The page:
Up to 70% of physician visits involve a mental health issue and health care costs for people with mental health issues are often up to three times higher than other patients with similar conditions. CEPAC, New England’s comparative effectiveness council, has published their latest guide featuring best practices for integrating behavioral health services into primary care practice. Based on the strongest evidence base, CEPAC’s membership of providers and consumer representatives from across the region, voted to endorse the Collaborative Care Model of integration. But the group noted that practices pursuing integration “should use available resources and seek guidance from organizations that have experience with the CCM and other models while accounting for differences in population, resources, treatment priorities, and funding.” In addition to the full report, CEPAC has published a guide for policymakers and other decision makers, and a New England-specific action guide that includes resources and implementation support for our region.
Medicaid expansion has had varying effects on enrollment across CSG/ERC states. Under the Affordable Care Act, as of January 1, 2014 states have the option to expand Medicaid eligibility for all low-income Americans, regardless of age or family circumstances. Federal funds will reimburse states for all the costs of care for newly eligible members through next year. The reimbursement rate then tapers down to 90% in 2020 where it will remain permanently, far above the reimbursement rate for most Medicaid members. All ERC states but Maine have elected to expand coverage so far but with varied implementation dates. According to the latest CMS report, all CSG/ERC states that reported have seen an increase in Medicaid enrollment since before the ACA, but the rise varies considerably from Pennsylvania with only a 6.4% increase so far to Rhode Island with a 42% increase. Nationally enrollment growth averaged 28% for states that chose to expand Medicaid, and 8.6% for those that haven’t expanded.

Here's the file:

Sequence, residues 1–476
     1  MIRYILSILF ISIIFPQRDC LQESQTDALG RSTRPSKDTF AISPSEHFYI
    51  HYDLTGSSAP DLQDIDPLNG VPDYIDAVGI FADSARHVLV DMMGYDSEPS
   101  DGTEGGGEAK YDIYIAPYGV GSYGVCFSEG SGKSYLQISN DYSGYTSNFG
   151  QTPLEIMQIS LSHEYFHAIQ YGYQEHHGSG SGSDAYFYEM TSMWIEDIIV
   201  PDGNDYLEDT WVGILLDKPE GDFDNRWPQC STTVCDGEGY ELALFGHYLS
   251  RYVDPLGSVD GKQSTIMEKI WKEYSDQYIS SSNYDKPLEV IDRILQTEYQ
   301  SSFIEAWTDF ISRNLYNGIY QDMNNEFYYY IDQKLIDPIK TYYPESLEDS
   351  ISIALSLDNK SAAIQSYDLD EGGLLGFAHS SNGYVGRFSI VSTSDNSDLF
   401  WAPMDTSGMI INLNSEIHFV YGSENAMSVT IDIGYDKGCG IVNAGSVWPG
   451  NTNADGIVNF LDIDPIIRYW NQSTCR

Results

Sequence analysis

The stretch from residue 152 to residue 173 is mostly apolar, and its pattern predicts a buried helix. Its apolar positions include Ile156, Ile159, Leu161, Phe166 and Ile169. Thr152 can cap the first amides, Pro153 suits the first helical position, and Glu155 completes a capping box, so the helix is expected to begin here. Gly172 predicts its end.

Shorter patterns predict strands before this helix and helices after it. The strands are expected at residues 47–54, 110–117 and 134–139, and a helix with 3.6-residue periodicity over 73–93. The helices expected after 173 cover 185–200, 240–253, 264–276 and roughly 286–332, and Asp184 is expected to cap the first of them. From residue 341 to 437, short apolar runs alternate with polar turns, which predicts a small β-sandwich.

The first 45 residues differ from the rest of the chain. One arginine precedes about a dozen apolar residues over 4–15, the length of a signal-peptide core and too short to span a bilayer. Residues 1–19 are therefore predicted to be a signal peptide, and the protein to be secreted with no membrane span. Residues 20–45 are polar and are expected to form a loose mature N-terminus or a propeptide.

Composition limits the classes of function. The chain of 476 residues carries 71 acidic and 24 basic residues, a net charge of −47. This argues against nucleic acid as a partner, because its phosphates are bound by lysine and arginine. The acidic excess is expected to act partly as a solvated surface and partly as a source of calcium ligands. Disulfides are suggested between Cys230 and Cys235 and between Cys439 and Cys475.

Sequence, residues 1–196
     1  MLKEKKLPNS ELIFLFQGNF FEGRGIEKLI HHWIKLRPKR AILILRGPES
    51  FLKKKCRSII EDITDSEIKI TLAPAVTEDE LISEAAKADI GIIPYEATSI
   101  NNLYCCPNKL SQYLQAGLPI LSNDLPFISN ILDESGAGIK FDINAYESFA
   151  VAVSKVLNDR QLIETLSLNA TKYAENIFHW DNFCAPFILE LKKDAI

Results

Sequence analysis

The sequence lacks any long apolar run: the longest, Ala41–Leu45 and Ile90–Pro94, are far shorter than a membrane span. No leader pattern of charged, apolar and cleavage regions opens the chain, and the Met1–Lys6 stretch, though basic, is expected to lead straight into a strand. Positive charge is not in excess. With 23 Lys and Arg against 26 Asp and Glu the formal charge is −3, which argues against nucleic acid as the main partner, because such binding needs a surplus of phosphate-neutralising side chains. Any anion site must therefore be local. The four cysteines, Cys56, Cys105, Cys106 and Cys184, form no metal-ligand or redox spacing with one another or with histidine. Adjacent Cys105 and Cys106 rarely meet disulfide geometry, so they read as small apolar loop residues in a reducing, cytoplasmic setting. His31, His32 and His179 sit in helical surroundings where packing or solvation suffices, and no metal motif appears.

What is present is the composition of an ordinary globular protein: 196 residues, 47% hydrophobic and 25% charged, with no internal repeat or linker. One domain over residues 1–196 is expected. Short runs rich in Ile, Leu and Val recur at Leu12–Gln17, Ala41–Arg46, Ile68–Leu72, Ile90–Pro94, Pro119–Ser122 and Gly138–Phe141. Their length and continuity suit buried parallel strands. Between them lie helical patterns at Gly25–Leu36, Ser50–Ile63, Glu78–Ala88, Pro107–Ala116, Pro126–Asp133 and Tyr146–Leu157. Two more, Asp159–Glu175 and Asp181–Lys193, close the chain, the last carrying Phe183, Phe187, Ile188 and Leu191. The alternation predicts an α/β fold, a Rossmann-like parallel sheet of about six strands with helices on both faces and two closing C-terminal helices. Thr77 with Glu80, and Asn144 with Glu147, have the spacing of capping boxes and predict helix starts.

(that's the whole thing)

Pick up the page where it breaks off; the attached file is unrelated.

|State||Expanding Medicaid?||Total Medicaid enrollmentMarch 2015||% change July-Sept 2013 to March 2015|
|US average for expanding states||28.1%|
|US average for non-expansion states||8.6%|
At 5.3% and 8.6% respectively, the New England and the Mid-Atlantic states led the nation in lowering uninsured rates last year, according to a new CDC survey. In the first year of coverage expansions under the Affordable Care Act, the US uninsured rate fell to 11.5% from 14.4% in 2013. States that expanded Medicaid enjoyed a 5.1% average drop in uninsured rate, compared to 2.1% in non-expansion states. CSG/ERC state uninsured levels varied considerably from 11.3% in Maine to 2.6% in Massachusetts. The report breaks down state coverage rates by age and type of coverage — uninsured, public and private coverage.
|State||% uninsured at the time of the interview, 2014|
Join us Monday, June 22nd at 2pm for a webinar on best practices in complex care management for the most fragile and costly patients. Evidence is growing that we cannot fix our health care system without addressing the needs of the small number of patients with very complex and costly health problems. Luckily CT can learn from other programs across the US as we build reforms for our state and our Medicaid program. On the webinar we’ll hear from Clemons Hong, MD, MPH, of Massachusetts General Hospital and Harvard Medical School. In addition to coordinating complex care management programs on the ground, Dr. Hong has written extensively about lessons learned across the country. Click here to register for the webinar.